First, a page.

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How to make friends with strangers

entertainment Updated: Aug 02, 2010 14:48 IST
Ojasvi Maleyvar
Ojasvi Maleyvar
Hindustan Times
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Jagriti Chhabra, a business graduate, used to take the local train to work until a couple of years back. Little did she know that the daily commute would put her life back on track, thanks to a total stranger on the same train, who later became her BFF (best friend forever).

“There was a girl who used to board the same compartment at almost the same time every day. We only exchanged smiles at first, and this continued for about 10-15 days. One day, we shared our lunches, and eventually became best friends,” she reminisces.

Such pals are known as ‘stranger buddies’. The oxymoron describes fast friends who knew absolutely nothing about the other at one time, and shared no connection in terms of educational or family backgrounds or common friends. Stranger buddies generally emerge from the most common activities or instances, such as use of the same mode of transport, accidental meeting, or getting stuck in an elevator together. There are no co-associations or introductions.

Chhavi Malhotra, a second year student at Khalsa College, Delhi University, has also experienced her stranger buddy moment: “There was a boy in my tuition centre— Anuroop Dhanjal — whom I never spoke to. We were total strangers, practically non-existent for the other. After taking admission in college, however, we happened to bump into each other one day. Today, we’re the best of friends and batch mates”.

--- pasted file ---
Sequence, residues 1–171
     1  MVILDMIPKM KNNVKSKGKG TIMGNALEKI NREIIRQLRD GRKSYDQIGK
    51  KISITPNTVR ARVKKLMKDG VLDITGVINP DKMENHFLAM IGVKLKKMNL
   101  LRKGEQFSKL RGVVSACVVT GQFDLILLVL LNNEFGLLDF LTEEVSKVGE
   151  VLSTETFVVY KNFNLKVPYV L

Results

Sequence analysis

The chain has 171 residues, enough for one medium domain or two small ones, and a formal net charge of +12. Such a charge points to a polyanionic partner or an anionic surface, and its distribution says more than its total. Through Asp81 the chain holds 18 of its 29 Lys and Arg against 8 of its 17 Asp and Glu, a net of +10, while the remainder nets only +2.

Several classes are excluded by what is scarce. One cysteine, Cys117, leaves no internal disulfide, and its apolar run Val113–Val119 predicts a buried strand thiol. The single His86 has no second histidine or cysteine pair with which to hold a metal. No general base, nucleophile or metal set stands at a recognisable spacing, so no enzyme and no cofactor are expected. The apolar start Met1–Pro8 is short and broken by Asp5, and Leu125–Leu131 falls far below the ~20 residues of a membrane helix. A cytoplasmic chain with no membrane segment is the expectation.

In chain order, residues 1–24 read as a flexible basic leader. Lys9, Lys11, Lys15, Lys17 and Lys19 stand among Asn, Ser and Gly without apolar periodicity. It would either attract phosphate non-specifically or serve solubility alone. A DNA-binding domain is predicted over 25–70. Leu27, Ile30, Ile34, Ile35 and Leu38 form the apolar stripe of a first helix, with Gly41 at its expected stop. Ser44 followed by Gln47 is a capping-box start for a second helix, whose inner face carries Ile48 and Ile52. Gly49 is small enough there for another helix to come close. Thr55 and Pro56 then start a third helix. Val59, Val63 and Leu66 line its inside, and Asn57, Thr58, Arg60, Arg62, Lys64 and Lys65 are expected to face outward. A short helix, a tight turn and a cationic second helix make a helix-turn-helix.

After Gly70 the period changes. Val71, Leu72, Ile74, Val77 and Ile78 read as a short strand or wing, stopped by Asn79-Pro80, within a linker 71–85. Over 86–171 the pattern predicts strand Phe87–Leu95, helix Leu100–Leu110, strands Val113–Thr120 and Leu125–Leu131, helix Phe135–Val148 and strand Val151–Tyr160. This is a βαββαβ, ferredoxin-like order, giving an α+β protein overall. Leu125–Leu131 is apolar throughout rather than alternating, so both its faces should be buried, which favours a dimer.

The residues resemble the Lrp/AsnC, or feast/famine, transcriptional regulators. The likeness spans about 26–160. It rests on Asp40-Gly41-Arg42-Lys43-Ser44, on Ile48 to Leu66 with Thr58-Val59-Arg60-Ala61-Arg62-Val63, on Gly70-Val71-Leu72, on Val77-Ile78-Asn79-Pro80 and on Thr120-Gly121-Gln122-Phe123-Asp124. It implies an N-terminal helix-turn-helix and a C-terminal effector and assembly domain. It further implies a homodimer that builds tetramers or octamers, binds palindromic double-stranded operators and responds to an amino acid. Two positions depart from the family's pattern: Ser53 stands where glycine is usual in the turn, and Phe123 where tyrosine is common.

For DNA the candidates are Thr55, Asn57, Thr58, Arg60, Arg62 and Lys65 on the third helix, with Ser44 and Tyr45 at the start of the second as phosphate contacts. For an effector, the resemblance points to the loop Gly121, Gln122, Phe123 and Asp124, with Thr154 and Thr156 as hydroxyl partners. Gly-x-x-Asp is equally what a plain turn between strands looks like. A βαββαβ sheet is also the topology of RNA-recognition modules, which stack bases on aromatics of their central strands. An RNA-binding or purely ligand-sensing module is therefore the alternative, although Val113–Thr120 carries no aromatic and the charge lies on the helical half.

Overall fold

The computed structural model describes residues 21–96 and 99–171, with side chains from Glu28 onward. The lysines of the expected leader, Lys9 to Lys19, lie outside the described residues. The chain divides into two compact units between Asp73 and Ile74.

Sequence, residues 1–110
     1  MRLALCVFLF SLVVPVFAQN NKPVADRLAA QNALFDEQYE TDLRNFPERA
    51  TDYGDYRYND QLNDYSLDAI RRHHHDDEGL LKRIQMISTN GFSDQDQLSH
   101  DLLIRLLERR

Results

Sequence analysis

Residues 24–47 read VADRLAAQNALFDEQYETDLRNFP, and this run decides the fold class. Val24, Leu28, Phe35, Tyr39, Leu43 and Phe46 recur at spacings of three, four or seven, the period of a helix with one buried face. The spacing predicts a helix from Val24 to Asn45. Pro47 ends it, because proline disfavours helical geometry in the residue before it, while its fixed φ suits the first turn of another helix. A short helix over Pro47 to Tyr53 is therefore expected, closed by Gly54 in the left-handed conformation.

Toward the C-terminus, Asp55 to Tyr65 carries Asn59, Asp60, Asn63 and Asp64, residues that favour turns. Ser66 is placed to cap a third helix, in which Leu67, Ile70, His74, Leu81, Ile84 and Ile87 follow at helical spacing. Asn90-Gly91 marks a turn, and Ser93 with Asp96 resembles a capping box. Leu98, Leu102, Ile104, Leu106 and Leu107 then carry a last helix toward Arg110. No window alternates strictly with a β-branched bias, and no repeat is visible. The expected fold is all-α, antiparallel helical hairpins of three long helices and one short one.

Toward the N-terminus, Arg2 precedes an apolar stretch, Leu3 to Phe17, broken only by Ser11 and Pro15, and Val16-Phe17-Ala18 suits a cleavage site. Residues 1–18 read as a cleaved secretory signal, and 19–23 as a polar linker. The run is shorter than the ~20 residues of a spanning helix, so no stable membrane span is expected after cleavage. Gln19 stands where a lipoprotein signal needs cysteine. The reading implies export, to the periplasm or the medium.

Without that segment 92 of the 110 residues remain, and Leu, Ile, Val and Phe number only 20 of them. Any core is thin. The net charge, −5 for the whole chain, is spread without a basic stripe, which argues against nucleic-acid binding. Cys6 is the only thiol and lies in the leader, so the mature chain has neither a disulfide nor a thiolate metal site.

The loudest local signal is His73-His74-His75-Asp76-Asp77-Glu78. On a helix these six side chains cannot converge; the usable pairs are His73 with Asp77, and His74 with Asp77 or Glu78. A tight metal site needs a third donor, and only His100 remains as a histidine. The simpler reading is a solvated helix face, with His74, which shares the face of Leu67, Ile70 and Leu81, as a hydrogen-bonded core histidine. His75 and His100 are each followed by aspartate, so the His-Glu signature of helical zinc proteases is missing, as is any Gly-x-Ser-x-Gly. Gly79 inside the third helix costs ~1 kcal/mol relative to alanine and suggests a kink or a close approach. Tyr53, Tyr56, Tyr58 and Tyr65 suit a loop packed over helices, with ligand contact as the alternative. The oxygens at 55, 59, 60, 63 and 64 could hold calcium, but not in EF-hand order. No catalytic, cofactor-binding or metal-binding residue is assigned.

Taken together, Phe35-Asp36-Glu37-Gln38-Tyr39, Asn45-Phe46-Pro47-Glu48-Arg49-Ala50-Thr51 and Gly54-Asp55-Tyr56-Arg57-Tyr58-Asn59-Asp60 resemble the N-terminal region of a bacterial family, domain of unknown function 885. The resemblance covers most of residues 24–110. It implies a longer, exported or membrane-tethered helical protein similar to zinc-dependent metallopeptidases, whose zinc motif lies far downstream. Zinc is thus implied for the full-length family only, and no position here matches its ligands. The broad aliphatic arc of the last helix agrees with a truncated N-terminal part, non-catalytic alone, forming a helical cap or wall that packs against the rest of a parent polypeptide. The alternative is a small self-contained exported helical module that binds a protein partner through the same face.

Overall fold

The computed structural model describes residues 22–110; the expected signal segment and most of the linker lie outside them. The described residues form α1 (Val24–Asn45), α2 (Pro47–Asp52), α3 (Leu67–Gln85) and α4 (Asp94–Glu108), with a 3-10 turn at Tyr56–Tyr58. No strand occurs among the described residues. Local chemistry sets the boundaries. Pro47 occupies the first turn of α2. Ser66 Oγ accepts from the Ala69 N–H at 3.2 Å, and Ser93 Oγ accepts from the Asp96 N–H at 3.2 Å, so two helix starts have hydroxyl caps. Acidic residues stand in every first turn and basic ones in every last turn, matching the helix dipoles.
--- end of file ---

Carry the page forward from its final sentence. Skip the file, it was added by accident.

Call it divine intervention or kismet, but shrinks say it’s simply destiny. “This happens to everybody. A friendship cannot be planned. It is something that just clicks between two individuals, based on similar thought processes, mutual interests and likings.

Ultimately, it gives rise to attachments,” says Dr Samir Parikh, consultant psychiatrist with Max Healthcare and the Chief of Department of Mental Health and Behavioural Sciences. “It is based on random selection and is spontaneous,” he adds.

However, there are no reports to show if ‘stranger friendships’ are stronger and last longer than ‘familiar friendships’, those that arise from a common network.

How to befriend a total stranger
Ditch your car or bike (it minimises chances of meeting new people) and take the train to work or college instead.

Be patient. The right person will come along.

If instinct spots someone, make polite conversation and see how it goes. But take it slow, lest it backfires.